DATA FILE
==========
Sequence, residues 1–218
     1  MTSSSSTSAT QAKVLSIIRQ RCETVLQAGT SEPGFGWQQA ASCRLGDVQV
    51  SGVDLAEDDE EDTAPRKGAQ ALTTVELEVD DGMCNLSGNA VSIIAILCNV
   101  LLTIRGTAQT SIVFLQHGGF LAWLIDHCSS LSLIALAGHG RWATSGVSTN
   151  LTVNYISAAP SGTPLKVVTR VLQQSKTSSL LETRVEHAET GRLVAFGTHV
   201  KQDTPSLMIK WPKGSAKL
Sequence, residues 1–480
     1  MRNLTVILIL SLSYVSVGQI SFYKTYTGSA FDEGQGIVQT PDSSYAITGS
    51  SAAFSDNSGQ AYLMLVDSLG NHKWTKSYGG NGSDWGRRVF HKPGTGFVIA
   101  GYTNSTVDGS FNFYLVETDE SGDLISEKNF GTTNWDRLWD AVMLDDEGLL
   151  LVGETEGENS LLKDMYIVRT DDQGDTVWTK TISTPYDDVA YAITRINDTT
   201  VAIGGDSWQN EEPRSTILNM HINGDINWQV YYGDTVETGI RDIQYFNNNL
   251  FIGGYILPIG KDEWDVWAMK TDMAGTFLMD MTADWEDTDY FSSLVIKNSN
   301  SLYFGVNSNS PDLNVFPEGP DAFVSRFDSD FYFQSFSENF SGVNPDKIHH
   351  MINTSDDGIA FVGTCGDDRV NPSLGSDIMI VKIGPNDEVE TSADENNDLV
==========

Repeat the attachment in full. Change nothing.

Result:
Sequence, residues 1–218
     1  MTSSSSTSAT QAKVLSIIRQ RCETVLQAGT SEPGFGWQQA ASCRLGDVQV
    51  SGVDLAEDDE EDTAPRKGAQ ALTTVELEVD DGMCNLSGNA VSIIAILCNV
   101  LLTIRGTAQT SIVFLQHGGF LAWLIDHCSS LSLIALAGHG RWATSGVSTN
   151  LTVNYISAAP SGTPLKVVTR VLQQSKTSSL LETRVEHAET GRLVAFGTHV
   201  KQDTPSLMIK WPKGSAKL
Sequence, residues 1–480
     1  MRNLTVILIL SLSYVSVGQI SFYKTYTGSA FDEGQGIVQT PDSSYAITGS
    51  SAAFSDNSGQ AYLMLVDSLG NHKWTKSYGG NGSDWGRRVF HKPGTGFVIA
   101  GYTNSTVDGS FNFYLVETDE SGDLISEKNF GTTNWDRLWD AVMLDDEGLL
   151  LVGETEGENS LLKDMYIVRT DDQGDTVWTK TISTPYDDVA YAITRINDTT
   201  VAIGGDSWQN EEPRSTILNM HINGDINWQV YYGDTVETGI RDIQYFNNNL
   251  FIGGYILPIG KDEWDVWAMK TDMAGTFLMD MTADWEDTDY FSSLVIKNSN
   301  SLYFGVNSNS PDLNVFPEGP DAFVSRFDSD FYFQSFSENF SGVNPDKIHH
   351  MINTSDDGIA FVGTCGDDRV NPSLGSDIMI VKIGPNDEVE TSADENNDLV